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Re: 2003 Buick Century 3.1 liter V6
Make sure the idler motor is conected and wires are free and not stuck under the intake, and also check the pcv valve lines for proper routing, also check the line going to the vacium booster for brakes, and one of the ways to find vacium leaks is by aplying brake or carburetor cleaner to the suspected area and that will change rpm when leak found
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recheck the gaskets possible vacuum leak --others are plugs not gapped right-plug wires not on correctly or damaged/worn popped or damaged vacuum line --sensors to throttle body not connected or damaged ---throttle body needs relearn ---
Aaron, there has been a few problems with head gaskets, the bigger problem was with the intake manifold gaskets.
Check the attached links,
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Coolant leaks,When the intake manifold gasket cracks or blows out, coolant will leak out of the intake manifold. You may see puddles underneath your car or notice smoke or steam coming off of the engine and exhaust from the coolant dripping onto it and then burning.Overheating, If the intake manifold gasket fails and allows coolant to leak out into the engine, your car will begin to overheat. If your car frequently runs low on coolant or begins to overheat, check the intake manifold gasket.Running poorly, When the intake manifold gasket falters, it affects the way the motor handles its emission gases. The change in pressure can affect the vacuum in the intake as well as how smoothly your car runs. Mainly, it will idle roughly and may hesitate, cough or sputter.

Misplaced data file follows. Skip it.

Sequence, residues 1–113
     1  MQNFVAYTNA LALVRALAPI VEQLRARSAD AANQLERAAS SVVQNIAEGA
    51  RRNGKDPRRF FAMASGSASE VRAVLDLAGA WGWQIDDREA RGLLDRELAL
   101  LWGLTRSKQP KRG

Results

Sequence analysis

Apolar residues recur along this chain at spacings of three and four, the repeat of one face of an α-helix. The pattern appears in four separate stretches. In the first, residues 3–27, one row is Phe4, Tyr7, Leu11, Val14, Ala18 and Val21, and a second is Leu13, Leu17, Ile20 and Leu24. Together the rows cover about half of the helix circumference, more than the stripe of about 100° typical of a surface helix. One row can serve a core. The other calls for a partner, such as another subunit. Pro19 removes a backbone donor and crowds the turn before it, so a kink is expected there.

I'm not certain if it would physically bolt in, but it would be a nightmare to get the electronics working properly. I found that the 3.4L isn't a bad engine, aside from intake gasket leaks. There is an updated intake gasket set available that seems to be working great.
All engines have vacuum created in the intake manifold, because the pistons are pulling in air into the cylinders from the intake manifold, resulting in a pressure drop in the intake. A leak is caused when the intake manifold gasket is bad, or when a vacuum hose off the intake becomes disconnected or breaks. The hose will then **** extra air into the intake, causing a higher than normal idle, maybe a rough running condition, and can be identified by a slight whistling noise at the break or at the disconnected end of the vacuum hose.
Your vehicle has four oxygen sensors. There is a vacuum line underneath the throttle body that regularly fails, causing the lean condition, and the whistling and surging. Very dificult to see, but with the engine running usually you can fine the vacuum leak with your fingers. Hose is non-reinforced rubber, and is shaped in a 90 degree bend. If memory serves me right, it is the pcv hose. Replace this and your problems will cease.
If you have a 3.1L or 3.4L V6 engine, I can guarantee you have either an intake manifold gasket leaking, internally, or the rear head gasket is leaking externally. They are extremely prone to coolant leaks for both. Get it checked out soon, the head gasket job can cost upwards of $1000.00. The intake leak is half of that if caught in time.
If the check engine light is flashing this indicates that a cylinder or cylinders are misfiring.If the rpms are increasing you may have a vacuum leak causing the misfire. Would check for any disconnected vacuum lines or a possible plenum/upper intake gasket leaking. To do this you can spray induction cleaner around the upper plenum to check and see if the gasket may be leaking.
I have the same codes on my 2003 Explorer 4.0 Liter V6. I was told many things from bad fuel pressure to bad computer. One peice of advice was correct. Bad air fuel mixture caused by a vacuum leak. The leak could be from a bad vacuum hose or the intake gasket. Mine turned out to be a hole in an elbow vacuum hose on the top of the engine, passanger side, near the intake. Fixed and runs great with no more check engine light.